Ryan O’Connell is the star, writer and creator of Netflix‘s series, Special. It’s his own story; a gay man with cerebral palsy, as Wow’s Stephen Rutledge posted about.
His 2015 memoir I’m Special: And Other Lies We Tell Ourselves, caught the attention of Jim Parsons and led to his big TV break.
O’Connell began his TV writing career on MTV’s Awkward and worked on Will & Grace.
O’Connell wrote the entire debut season: the lead character, also named Ryan, is a 20-something gay, disabled man struggling with his sexuality and independence. The show is hilarious. (I know, it doesn’t sound like it should or would be, but it IS.) Each episode is only about 15-minutes long and features Jessica Hecht (who plays Ryan’s mom), Marla Mindelle (his boss, Olivia), and Punam Patel (who plays his hilarious work BFF, Kim).
“When we went out with the pitch, I wasn’t attached to star because I’ve had no desire to act ever. I was hanging outside the Beverly Center with a net for anyone with a limp and a complicated relationship with their dad. But basically, when we sold it to Stage 13, we couldn’t afford to hire anyone. It was so bare bones, honey.
I want to bring gay sex to the forefront in a very accurate, human way. And so I knew with this sex scene, there wasn’t gonna be no panning away to the fuckin’ moon! We were gonna see how gay sex is done. I wanted it to feel real. In season two, ideally, I wanna show a lot more gay sex.
I was closeted until I was 17. I came out because I really liked this boy who I knew was gay, and I knew that in order to pursue him, I needed to be out of the closet. And also, I was just tired of it. I came from a very gay family. My grandfather was a closeted homosexual who died of AIDS. My uncle’s gay. My sister’s bi.
We live in this culture where, on Instagram, it seems like everyone’s fucking millionaires on vacation, but the reality is everyone’s just in credit debt up to their asshole. I made very little money on Special. There’s going to be a billboard of my face, but I have, like, no money. [Laughs.] People will comment, ‘Oh, he got that Netflix money,’ and I’m like, ‘Where? I don’t have it.’
… there’s nowhere I’d rather be. They don’t care about the sex stuff. They don’t care about the cursing. There’s just no Netflix brand. The brand of Netflix is they do everything, so you’re not trying to make your show more like a Netflix show, ‘cause what does that even mean? From a creative standpoint, I’m in fucking heaven. I truly can’t work for anyone else. I’m so spoiled.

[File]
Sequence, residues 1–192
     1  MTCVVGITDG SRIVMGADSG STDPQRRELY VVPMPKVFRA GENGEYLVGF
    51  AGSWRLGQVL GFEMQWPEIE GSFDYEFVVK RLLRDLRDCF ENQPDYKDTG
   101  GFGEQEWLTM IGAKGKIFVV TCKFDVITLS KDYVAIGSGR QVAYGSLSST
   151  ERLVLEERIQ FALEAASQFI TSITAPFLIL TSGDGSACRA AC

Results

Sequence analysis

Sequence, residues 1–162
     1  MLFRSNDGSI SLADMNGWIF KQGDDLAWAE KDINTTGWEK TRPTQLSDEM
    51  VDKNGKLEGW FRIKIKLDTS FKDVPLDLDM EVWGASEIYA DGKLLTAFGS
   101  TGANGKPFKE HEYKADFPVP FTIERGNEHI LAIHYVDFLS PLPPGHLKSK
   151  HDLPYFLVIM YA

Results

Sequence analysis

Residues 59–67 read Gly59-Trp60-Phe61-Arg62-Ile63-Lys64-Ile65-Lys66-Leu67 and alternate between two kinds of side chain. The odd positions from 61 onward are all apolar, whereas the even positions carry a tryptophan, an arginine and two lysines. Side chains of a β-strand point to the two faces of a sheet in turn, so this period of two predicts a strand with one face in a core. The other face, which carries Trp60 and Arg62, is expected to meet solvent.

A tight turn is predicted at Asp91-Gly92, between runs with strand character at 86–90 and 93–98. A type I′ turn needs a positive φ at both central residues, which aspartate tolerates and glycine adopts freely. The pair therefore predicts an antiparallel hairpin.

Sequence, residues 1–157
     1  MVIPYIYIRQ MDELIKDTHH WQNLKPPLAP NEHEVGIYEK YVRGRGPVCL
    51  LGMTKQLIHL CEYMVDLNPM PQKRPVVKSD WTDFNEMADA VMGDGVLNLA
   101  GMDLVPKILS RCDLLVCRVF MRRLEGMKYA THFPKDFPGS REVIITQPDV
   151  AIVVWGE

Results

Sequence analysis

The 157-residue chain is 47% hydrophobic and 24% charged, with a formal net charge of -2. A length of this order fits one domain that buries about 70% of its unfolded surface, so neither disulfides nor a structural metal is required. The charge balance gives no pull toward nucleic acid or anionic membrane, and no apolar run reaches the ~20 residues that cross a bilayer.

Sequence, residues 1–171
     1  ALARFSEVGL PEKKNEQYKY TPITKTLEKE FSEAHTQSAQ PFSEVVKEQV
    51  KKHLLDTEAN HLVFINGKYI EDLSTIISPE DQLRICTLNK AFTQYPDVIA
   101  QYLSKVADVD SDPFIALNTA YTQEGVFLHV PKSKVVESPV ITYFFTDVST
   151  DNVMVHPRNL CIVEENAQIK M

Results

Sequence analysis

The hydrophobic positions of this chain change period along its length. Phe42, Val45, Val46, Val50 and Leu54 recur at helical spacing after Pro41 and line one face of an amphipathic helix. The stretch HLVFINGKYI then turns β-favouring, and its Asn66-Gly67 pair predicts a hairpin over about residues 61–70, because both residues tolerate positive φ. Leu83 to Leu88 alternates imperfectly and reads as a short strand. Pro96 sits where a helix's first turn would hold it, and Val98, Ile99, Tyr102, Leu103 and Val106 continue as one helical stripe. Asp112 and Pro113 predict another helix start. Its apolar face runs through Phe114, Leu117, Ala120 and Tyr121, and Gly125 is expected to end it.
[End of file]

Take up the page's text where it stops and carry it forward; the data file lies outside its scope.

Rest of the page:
The trolls really only come from being disabled. I’ve been so trolled. I’ve had people pull over being like, ‘Do you need a ride to the hospital?’
I did a column called The Disability Diaries at Vice, where I basically wrote down every time someone made a comment about my disability or my disability impacted me in some way. I had to stop doing it because it was too much. I had an anxiety attack, I swear to God. I’m really glad I stopped doing that, but those things still take my breath away. My boyfriend and I took an Uber recently where the driver turned around and just goes, ‘What’s wrong with you?’ My boyfriend had never seen that happen before and he was just shocked, but it’s happened to me so many times. He was like, ‘That was fucked up!’ And I’m like, ‘Yeah, I guess you’re right, that is fucked up.’
I really don’t think it’s out of malice. There is such ignorance surrounding disability ‘cause there’s no dialogue, and, in part, that’s because there’s no disability representation on TV. Think about many amazing things Transparent did for the trans community in terms of starting the conversation about transgender issues. No one’s really having the conversation for disability. I also feel it’s really important that a show with a disability comes from someone who’s disabled. I want disabled people to be able to tell their own stories and be in charge of it.
I hope that Special is a success so other stories can be fucking told. Disabled people need to be empowered. Growing up disabled and gay, I didn’t think, ‘I’m going to be an actor. I could be starring in my own show.’ Are you fucking crazy? I was just thinking, ‘God, I hope I get off my leg braces by the age of 12.’ I didn’t think that was meant for me. There was no seat at the table for me. I had to wedge myself in between and insert my own fucking self.”
Special is on Netflix now. You’ll fall in love.
(Photo, YouTube, screen grab; via Vulture)